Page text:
For fashion label founder and former refugee Mohamed Malim, the discarded jackets are symbols of perseverance
Mohamed Malim, a former Somali refugee who went to the US when he was three, wants his fashion label to start conversations.
His Minnesota-based startup Epimonia takes lifejackets from the Greek island of Lesbos that were worn by refugees when they crossed the Mediterranean and transforms them into bracelets, beanie hats, jackets and other items of clothing. The label’s seamsters are refugees too.
“People see you wearing orange, ask about it, and then you can talk about the company and about refugees,” says Malim (main picture).
A snapshot at the end of 2020 revealed 82.4 million people worldwide who had been forcibly displaced as a result of persecution, conflict, violence or human rights violations, according to the United Nations Refugee Agency. More recently, more than 3 million people are estimated to have fled Ukraine since February.
Epimonia (the word means ‘perseverance’ in Greek) is all about telling a more realistic, balanced story about refugees, as well as supporting them practically.
“I chose that word because refugees go through many challenges, and persevere throughout the whole journey,” Malim says. He notes that for many refugees, the life vests are the last thing they wear.
It was while studying marketing at university in 2018 that Malim launched Epimonia. He was frustrated at the anti-refugee rhetoric he was hearing from politicians like former president Donald Trump, as well as from parts of the media and the public. “My goal was to combat that, by sharing refugee success stories,” he notes simply.
Malim began by asking refugees to share a bit about themselves and published profiles about them, along with portraits, online. Realising that he could make an impact through fashion, he collaborated with his uncle, Dutch-Somali fashion designer Omar Munie, to create his first designs. With its initial signature accessory, the Embracelet, Epimonia was born.
“It’s a very small team,” says Malim. “I have about four employees and six refugee seamstresses working right now.”
My goal was to combat [anti-refugee rhetoric], by sharing refugee success stories
The label has already achieved a lot despite its size. Over $45,000 (£33,000) has been donated towards costs like college scholarships and citizen application fees for refugees. Epimonia has partnered with refugee organisations, sports teams and artists, among others, and has so far recycled more than 500 lifejackets, donated by Refugee 4 Refugees, a Greek NGO.
“We provide symbolic support, too,” Malim explains.“Because when you wear an Epimonia garment, you’re wearing something very powerful. It’s solidarity – you’re standing with refugees around the world.”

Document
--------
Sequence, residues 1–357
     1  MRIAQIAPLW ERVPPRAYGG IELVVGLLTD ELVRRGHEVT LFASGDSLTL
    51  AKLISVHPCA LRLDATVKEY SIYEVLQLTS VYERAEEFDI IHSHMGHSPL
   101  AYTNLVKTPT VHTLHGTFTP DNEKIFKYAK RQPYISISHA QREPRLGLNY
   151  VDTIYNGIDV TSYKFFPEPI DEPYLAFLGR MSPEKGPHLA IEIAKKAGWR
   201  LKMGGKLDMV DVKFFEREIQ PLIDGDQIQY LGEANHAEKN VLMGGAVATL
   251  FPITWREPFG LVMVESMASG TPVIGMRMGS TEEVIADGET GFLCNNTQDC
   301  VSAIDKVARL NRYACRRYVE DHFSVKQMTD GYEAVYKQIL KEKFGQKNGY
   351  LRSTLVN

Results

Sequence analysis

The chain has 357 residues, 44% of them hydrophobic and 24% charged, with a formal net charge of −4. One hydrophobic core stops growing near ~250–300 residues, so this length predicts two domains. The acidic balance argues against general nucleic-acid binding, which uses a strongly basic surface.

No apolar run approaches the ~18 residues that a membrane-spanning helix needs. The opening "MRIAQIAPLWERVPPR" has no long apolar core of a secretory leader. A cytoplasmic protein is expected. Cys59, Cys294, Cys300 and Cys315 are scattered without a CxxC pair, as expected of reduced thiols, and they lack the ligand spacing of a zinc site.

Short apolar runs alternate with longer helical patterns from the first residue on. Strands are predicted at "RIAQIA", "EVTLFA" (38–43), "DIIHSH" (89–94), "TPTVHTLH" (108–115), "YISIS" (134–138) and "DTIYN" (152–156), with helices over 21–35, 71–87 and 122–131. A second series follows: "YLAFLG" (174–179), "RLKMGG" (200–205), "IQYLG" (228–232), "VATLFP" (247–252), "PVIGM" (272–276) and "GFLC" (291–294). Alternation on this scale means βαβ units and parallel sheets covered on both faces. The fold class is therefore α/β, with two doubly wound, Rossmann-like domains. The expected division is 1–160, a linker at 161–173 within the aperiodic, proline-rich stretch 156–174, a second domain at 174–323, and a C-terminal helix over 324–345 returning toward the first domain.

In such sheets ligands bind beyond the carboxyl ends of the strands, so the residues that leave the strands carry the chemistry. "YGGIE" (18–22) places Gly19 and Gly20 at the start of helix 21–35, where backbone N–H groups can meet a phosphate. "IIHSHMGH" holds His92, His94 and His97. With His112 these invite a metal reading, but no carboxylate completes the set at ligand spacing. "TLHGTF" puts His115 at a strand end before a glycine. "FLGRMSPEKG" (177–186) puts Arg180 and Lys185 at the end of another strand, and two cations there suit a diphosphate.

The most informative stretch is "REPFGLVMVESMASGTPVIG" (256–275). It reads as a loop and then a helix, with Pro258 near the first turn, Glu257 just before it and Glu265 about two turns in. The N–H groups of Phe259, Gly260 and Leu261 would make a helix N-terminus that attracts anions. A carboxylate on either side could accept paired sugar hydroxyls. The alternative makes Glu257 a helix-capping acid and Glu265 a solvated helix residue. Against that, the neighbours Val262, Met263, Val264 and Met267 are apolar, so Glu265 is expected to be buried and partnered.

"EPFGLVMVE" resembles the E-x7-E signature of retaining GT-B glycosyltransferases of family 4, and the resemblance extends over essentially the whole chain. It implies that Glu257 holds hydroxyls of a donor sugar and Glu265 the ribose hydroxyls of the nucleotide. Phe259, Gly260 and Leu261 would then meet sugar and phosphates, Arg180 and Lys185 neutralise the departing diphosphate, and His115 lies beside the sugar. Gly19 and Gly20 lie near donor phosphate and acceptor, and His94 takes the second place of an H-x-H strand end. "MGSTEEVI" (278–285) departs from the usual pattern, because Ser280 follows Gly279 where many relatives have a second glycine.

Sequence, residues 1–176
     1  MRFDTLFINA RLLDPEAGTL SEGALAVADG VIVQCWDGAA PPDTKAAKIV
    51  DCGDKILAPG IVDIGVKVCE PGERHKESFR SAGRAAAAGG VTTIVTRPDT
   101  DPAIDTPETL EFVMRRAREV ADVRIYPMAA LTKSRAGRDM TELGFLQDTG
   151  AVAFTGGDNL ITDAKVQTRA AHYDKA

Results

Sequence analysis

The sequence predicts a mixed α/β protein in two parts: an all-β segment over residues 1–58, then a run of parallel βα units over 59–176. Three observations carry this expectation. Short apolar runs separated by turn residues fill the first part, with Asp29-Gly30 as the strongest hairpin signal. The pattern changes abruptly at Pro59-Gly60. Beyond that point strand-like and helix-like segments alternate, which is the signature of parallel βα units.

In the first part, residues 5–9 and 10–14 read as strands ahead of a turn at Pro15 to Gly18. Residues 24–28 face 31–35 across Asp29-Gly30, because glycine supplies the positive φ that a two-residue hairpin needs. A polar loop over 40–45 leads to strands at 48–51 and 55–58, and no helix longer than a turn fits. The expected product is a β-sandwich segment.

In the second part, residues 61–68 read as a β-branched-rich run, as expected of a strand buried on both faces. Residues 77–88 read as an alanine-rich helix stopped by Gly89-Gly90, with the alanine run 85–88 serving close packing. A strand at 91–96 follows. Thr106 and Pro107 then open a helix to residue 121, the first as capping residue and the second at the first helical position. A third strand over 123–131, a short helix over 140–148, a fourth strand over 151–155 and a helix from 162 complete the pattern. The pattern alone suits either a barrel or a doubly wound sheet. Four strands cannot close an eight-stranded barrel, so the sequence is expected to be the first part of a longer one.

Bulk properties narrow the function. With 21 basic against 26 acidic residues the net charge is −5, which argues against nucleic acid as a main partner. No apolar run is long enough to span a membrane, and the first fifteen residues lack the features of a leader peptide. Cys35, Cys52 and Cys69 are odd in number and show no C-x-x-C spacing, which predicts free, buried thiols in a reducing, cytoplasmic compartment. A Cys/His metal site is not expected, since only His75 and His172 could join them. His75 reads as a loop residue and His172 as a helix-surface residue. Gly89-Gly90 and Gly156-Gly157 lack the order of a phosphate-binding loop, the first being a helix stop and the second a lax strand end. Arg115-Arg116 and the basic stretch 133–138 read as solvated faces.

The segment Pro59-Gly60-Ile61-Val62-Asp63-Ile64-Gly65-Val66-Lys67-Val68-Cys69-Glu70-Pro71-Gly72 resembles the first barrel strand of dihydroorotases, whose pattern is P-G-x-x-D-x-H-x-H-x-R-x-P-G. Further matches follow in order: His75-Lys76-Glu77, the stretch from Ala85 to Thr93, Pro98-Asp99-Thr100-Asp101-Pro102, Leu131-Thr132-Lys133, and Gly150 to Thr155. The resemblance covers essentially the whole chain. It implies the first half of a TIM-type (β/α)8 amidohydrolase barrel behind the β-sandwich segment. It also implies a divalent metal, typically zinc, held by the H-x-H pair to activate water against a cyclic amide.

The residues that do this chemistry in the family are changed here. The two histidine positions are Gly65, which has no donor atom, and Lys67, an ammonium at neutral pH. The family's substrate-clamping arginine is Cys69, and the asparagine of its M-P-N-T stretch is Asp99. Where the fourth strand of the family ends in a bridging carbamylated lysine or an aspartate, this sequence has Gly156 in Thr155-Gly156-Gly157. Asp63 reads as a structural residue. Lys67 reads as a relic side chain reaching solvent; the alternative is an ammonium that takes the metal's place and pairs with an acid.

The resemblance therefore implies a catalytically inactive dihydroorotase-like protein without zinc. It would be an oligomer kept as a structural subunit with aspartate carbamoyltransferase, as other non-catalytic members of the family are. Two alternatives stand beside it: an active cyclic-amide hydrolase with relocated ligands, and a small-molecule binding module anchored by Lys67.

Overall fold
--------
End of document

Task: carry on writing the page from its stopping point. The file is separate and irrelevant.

Mukhtar Dahir left Somalia for Canada when he was just one, and has since moved to the US. Dahir met Malim in 2019 and was impressed by what he was doing. “I was kind of shocked,” Dahir says. “I had never met someone who was getting lifejackets and turning them into apparel. I found it very intriguing and interesting.”
Both have experienced prejudice for being former refugees. In Toronto, Dahir – now Epimonia’s operations and logistics manager – was aware of stereotypes: that refugees rely
on government handouts; that they are lazy and a burden on the system. “When you’re in a minority, you notice things people say, like: ‘Oh, you talk eloquently for a person who’s moved here’,” he says. “Those things can get to you, they can be the straw that breaks the camel’s back.”
Epimonia tells a different story – and they’re just getting started. The pair have big plans for the year ahead, including a project to help Afghan refugees, which involves Minnesota state authorities. Collaborations with refugee designers and models are also in the pipeline.
We want to encourage people to be more empathetic, and help as many refugees as we can
Malim also wants to start creating apparel from tents that have been left in Greece. “It’s another interesting way to raise awareness – using the tent strap to make bracelets and beanies,” he says.
“We want to keep growing and make our impact large,” Malim adds. “We want to encourage people to be more empathetic, and help as many refugees as we can.”
donated to refugees so far
lifejackets that have been turned into clothing and bracelets
refugees employed by the enterprise so far
Main image: Mohamed Malim. Credit: Paul Akama
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